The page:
# squares or cubesa^6-b^6 my tutor said that it must use squares and cubes differences i don't get it

Asked on by she16

sciencesolve | Teacher | (Level 3) Educator Emeritus

Posted on

Using the law of exponentials yields:

`a^6 = a^(2*3) => a^(2*3) = (a^2)^3`

Reasoning by analogy yields:

`b^(2*3) = (b^2)^3`

Converting the difference of cubes into a product yields:

`(a^2)^3 - (b^2)^3 = (a^2 - b^2)(a^4 + (ab)^2 + b^4)`

You may convert also the difference of squares `a^2 - b^2` into a product, such that:

`(a^2)^3 - (b^2)^3 = (a - b)(a + b)(a^4 + (ab)^2 + b^4)`

Hence, converting the difference `a^6 - b^6` into a product, yields `(a^2)^3 - (b^2)^3 = (a - b)(a + b)(a^4 + (ab)^2 + b^4).`

giorgiana1976 | College Teacher | (Level 3) Valedictorian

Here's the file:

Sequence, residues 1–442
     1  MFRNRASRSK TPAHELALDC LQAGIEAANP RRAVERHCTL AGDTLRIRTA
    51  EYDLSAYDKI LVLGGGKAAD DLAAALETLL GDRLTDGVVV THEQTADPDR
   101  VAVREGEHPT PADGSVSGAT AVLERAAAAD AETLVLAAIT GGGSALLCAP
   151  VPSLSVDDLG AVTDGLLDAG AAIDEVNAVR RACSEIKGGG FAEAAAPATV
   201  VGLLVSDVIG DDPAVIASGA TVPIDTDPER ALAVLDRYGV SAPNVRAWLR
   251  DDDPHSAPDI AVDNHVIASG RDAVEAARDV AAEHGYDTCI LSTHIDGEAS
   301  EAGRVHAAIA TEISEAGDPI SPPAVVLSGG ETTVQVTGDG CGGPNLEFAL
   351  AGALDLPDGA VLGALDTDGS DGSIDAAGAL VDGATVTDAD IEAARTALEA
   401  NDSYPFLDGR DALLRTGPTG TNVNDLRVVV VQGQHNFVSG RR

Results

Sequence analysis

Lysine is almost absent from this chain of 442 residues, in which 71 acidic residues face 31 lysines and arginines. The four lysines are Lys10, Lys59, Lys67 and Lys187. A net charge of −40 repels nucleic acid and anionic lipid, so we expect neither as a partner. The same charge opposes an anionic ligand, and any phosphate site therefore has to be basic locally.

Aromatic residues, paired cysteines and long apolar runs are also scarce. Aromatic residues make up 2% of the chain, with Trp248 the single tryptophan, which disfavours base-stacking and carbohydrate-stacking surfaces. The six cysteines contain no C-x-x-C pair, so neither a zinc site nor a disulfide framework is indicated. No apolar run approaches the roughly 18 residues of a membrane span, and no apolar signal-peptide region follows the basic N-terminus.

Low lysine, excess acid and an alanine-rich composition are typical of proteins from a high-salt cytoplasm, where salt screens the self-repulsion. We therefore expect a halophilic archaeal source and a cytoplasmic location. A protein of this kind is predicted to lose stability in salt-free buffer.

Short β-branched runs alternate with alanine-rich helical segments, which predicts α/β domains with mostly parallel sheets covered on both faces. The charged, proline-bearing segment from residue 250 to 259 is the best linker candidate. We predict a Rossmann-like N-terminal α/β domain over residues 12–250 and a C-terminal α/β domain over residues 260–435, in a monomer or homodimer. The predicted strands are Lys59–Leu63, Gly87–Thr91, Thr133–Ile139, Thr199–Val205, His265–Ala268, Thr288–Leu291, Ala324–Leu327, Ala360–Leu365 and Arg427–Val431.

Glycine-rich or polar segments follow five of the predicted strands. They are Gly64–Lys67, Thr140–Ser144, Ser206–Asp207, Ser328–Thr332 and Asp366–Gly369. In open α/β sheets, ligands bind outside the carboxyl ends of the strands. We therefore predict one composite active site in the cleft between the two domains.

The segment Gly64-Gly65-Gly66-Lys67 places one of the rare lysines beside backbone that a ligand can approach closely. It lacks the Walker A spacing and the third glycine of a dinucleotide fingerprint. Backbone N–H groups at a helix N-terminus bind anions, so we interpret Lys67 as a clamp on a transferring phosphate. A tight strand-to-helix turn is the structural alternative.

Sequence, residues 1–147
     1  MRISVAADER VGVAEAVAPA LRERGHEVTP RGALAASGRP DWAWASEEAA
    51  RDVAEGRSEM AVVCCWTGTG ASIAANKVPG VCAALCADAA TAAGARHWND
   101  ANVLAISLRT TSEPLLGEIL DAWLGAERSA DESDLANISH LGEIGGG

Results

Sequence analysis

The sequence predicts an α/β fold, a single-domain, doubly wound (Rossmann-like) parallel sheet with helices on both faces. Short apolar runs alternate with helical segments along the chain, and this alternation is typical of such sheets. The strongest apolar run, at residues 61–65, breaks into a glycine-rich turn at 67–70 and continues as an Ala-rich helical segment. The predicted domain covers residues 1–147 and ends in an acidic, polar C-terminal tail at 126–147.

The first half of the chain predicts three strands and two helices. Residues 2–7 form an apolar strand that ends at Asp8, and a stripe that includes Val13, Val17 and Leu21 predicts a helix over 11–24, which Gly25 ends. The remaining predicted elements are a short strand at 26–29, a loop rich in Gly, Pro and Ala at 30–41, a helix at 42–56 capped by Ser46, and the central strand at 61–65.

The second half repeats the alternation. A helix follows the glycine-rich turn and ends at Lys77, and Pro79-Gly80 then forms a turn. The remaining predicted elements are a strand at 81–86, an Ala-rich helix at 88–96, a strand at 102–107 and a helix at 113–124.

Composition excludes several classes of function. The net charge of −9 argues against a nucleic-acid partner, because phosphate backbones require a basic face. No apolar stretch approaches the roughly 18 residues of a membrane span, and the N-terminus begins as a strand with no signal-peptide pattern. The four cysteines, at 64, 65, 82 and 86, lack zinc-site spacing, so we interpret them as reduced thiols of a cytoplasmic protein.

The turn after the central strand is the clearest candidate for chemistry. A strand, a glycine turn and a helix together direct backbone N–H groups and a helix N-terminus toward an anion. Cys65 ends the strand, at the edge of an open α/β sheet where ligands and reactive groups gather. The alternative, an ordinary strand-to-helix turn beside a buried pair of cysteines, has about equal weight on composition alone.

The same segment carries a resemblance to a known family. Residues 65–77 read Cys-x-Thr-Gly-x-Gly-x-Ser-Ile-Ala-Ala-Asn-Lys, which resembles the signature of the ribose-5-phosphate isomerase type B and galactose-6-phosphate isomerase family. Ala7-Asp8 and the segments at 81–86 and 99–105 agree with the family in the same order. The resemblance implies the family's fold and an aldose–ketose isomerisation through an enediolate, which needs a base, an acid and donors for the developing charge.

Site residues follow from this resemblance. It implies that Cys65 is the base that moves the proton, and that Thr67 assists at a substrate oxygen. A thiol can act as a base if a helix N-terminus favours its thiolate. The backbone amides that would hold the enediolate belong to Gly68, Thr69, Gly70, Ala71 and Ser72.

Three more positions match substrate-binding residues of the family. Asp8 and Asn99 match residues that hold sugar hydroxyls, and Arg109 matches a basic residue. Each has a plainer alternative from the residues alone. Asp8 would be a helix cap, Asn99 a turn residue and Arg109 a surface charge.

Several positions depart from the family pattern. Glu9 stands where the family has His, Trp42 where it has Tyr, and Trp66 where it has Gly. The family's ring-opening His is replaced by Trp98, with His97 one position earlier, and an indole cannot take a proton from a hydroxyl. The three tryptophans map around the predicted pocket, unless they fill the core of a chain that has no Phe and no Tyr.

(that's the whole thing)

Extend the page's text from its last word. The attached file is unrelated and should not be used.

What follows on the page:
Posted on

a^6 - b^6 = (a^3)^2 - (b^3)^2

We'll put a^3 = t and b^3 = u

t^2 - u^2 is a difference of squares

t^2 - u^2 = (t-u)(t+u)

(a^3)^2 - (b^3)^2 = (a^3 - b^3)(a^3 + b^3) difference and sum of cubes.

a^3 - b^3 = (a-b)(a^2 + ab + b^2)

a^3 + b^3 = (a+b)(a^2 - ab + b^2)

So, to solve the problem, we'll apply difference of squares first, then difference and sum of cubes.

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